Sorry, you need to enable JavaScript to visit this website.

Maternity rights: maternal, paternal and adoption leave

There are many different types of parental leave and knowing what you're entitled to as a couple or as an individual can be confusing.

    4-minutes read


    Families are wonderfully diverse, and most workplaces reflect the differing needs of parents, individuals and couples who take time off to look after children. We hope your place of work is the same. It's so important to take maternity and paternity leave; as it’s a great opportunity to bond as a family!

    There are many different types of parental leave and knowing what you're entitled to as a couple or as an individual can be confusing. That's why we've pulled out some of the key answers to all your maternity and paternity leave questions.

    What is shared parental leave?

    Shared parental leave, or SPL, gives new parents some flexibility when it comes to childcare and how they work. SPL and shared parental pay are designed to help eligible parents combine work with family life. Parents can share up to 50 weeks of leave and up to 37 weeks of pay and take it when they want.

    Each parent can take up to three blocks of leave, more if their employer allows, interspersed with periods of work up to your baby's first birthday. So, you can be off work together for up to six months or spread out your parental leave and pay so that one of you is always at home with your little one for the first year. You do need to check if you're eligible so take a look at the Government's online tool at

    Who can take maternity leave?

    All pregnant mums-to-be are entitled to 52 weeks maternity leave. The 52 weeks are split into 26 weeks of ‘ordinary’ maternity leave and 26 weeks of ‘additional’ maternity leave. For the first six weeks of your leave, you'll receive 90% of your average weekly salary (before tax) and then £156.66 (or 90% of your weekly wage, whichever is the lowest).

    How do I ask for maternity leave?

    At least 15 weeks before the week of your baby's due date, tell your employer:

    • that you're pregnant

    • your baby's due date

    • that you want to take maternity leave

    • when you want your maternity leave to start and end (you can change these dates later). Your employer must write to you within 28 days confirming your start and end dates.

    Who can take paternity leave?

    You don't have to be the biological father of your baby to take paternity leave - Partners, including same-sex partners of someone pregnant, are entitled to up to two weeks statutory leave. That can be taken in separate one-week blocks or two weeks at a time. To get the full entitlement, you must have been working for the same employer for 26 weeks by the end of the 15th week before the week your baby is due. As with maternity leave, let your workplace know your plans at least 15 weeks before your little one is due.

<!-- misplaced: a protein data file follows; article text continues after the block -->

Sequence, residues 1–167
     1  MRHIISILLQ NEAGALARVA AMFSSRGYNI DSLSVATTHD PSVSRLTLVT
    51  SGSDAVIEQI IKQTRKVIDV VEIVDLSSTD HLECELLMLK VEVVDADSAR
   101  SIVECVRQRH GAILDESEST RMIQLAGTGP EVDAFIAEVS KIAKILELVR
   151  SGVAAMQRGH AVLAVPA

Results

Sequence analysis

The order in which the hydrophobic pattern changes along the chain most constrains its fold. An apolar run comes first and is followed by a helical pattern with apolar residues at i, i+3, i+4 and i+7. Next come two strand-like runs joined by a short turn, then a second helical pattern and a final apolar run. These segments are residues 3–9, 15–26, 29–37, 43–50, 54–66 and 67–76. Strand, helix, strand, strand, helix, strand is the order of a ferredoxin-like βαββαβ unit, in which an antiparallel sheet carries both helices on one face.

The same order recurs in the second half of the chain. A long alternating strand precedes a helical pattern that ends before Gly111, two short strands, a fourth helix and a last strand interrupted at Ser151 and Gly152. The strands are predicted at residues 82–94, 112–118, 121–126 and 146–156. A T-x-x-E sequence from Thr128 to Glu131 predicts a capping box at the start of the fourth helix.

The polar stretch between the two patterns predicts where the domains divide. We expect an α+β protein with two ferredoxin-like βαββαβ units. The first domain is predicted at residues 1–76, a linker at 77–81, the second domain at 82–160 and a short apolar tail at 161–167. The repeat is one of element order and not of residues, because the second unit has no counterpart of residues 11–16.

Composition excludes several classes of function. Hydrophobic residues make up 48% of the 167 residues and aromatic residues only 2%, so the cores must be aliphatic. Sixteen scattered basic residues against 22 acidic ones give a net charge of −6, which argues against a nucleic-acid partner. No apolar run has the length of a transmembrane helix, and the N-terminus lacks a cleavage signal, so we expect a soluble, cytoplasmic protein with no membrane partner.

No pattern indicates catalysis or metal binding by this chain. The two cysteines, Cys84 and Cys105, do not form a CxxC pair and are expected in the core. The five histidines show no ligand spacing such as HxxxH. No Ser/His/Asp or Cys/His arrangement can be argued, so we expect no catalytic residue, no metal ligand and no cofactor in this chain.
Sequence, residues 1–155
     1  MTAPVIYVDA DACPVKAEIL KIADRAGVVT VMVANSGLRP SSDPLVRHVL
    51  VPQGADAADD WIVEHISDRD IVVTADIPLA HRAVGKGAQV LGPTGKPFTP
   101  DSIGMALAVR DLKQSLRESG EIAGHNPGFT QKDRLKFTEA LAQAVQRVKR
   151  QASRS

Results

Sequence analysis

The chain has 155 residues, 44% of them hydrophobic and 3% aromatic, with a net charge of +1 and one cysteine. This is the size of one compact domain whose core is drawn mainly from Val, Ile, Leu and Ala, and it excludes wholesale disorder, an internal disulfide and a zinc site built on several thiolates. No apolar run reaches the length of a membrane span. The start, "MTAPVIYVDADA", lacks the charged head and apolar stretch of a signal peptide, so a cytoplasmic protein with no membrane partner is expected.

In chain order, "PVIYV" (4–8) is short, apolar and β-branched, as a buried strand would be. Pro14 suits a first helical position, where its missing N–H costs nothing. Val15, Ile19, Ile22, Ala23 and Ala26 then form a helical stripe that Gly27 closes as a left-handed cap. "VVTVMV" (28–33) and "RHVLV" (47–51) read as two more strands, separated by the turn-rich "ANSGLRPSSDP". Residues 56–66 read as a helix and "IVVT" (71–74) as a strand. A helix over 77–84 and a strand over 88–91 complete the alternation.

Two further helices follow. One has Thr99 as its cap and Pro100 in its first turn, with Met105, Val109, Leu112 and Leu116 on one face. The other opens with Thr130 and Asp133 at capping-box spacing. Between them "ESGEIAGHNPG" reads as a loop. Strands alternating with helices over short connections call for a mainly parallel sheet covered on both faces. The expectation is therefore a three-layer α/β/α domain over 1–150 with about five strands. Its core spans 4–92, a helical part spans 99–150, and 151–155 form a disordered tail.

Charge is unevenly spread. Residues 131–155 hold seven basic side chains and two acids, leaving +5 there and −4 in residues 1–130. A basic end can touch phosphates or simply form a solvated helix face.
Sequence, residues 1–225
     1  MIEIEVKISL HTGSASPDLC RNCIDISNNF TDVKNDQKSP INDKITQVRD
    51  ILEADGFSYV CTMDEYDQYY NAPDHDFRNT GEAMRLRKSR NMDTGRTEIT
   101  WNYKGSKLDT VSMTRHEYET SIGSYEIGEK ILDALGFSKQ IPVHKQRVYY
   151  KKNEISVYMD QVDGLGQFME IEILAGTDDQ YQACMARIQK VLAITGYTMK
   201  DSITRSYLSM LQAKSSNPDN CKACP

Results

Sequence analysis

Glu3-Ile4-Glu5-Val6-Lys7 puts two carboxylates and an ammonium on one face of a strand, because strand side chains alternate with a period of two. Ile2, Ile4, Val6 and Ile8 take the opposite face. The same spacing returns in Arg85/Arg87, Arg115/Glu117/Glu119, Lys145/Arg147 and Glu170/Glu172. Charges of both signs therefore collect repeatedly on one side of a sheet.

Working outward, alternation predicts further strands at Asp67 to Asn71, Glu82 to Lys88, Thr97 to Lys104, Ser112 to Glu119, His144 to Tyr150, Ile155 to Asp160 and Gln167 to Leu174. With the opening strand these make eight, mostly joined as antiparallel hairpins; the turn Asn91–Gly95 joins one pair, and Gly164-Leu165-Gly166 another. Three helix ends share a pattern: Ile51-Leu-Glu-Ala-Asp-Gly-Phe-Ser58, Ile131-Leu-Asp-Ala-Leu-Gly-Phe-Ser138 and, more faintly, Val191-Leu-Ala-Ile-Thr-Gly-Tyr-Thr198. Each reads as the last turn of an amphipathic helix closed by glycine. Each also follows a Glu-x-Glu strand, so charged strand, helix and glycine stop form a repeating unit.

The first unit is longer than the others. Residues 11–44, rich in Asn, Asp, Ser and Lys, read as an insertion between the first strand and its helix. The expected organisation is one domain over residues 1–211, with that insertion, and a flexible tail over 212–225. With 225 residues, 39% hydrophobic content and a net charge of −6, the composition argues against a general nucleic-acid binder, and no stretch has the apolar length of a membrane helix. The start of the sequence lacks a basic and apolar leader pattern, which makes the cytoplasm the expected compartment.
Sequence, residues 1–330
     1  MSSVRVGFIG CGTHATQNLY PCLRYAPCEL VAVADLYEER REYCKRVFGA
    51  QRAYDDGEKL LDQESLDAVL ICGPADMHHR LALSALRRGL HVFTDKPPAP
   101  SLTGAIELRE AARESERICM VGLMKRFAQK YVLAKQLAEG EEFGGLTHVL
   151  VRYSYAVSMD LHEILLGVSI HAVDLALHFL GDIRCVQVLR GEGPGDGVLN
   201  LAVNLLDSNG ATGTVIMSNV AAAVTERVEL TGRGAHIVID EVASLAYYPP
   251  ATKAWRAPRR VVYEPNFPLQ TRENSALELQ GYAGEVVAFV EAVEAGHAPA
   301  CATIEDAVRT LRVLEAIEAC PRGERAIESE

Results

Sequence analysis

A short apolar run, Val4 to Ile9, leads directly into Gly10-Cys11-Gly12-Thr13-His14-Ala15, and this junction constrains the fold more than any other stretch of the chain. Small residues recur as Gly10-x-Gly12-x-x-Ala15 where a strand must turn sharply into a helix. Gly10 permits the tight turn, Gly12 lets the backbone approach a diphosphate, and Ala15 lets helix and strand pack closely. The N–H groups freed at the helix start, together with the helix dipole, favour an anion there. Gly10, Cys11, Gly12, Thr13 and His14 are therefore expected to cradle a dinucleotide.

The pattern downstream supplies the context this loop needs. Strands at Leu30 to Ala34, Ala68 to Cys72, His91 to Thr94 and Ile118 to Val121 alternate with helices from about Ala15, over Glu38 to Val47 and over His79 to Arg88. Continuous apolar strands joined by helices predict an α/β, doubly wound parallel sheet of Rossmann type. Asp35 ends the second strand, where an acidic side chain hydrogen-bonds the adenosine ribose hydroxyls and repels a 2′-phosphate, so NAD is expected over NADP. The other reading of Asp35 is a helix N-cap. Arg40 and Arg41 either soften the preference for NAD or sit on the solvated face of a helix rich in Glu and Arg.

What are the benefits of taking maternity and paternity leave?

    There are so many benefits to taking maternity and paternity leave. Shared parental leave can be a great way to share baby care responsibilities and keep income coming in (when you need it most). More importantly, taking time out to be with your new baby is vital for their development and happiness. Taking parental leave is a chance to bond with your new arrival, share the chores and the joy of all those little milestones. Your baby will be happy to have their parents around, and a happy baby normally means happy parents! You can also take time off for antenatal appointments although you will need to meet the criteria.

    Do you get maternity leave if you adopt?

    Yes, just like maternity leave, statutory adoption leave lasts for 52 weeks. You might have to show your workplace proof that you're adopting, and you must be matched with a child through an adoption agency.

    When you and your partner, whether you're heterosexual, same-sex partners and/or civil partners, adopt a child, it's a good idea to decide which of you will take adoption leave and which one will take paternity leave.

    You and/or your partner can also take shared parental leave.

    What other parental leave is available?

    As a parent, you can take additional (unpaid parental leave) to help care for your child. Your entitled to 18 weeks leave for each child and adopted child up to their 18th Birthday. The limit each year is up to four weeks per parent for each child. Leave has to be taken in week blocks rather than individual days. Find out more


    What are my rights if I'm having a surrogate baby?

    The current surrogacy laws in the UK say that any woman who gives birth is classed as the child's legal mother. If she is married, then her wife or husband is classed as the baby's other parent. For couples using surrogacy, it means the surrogate and her husband/wife will be their child's legal parents. Parental Orders can be applied for once the baby is six weeks old, and you must apply before the baby is 6 months old.

    What are my rights when it comes to taking maternal and paternal leave?

    While in most cases, people find that their workplace has all the right policies in place and that there are no barriers to your maternity rights for you taking leave to look after your baby. They have a legal duty to follow all the rules and regulations whatever your sexual orientation or family set up, but if you need anything confirmed, check out or visit

    Pregnant mother working at the office and holding her bump

    Maternity rights: pay entitlement

    prev Previous article

    What is the Healthy Start Scheme

    next Next article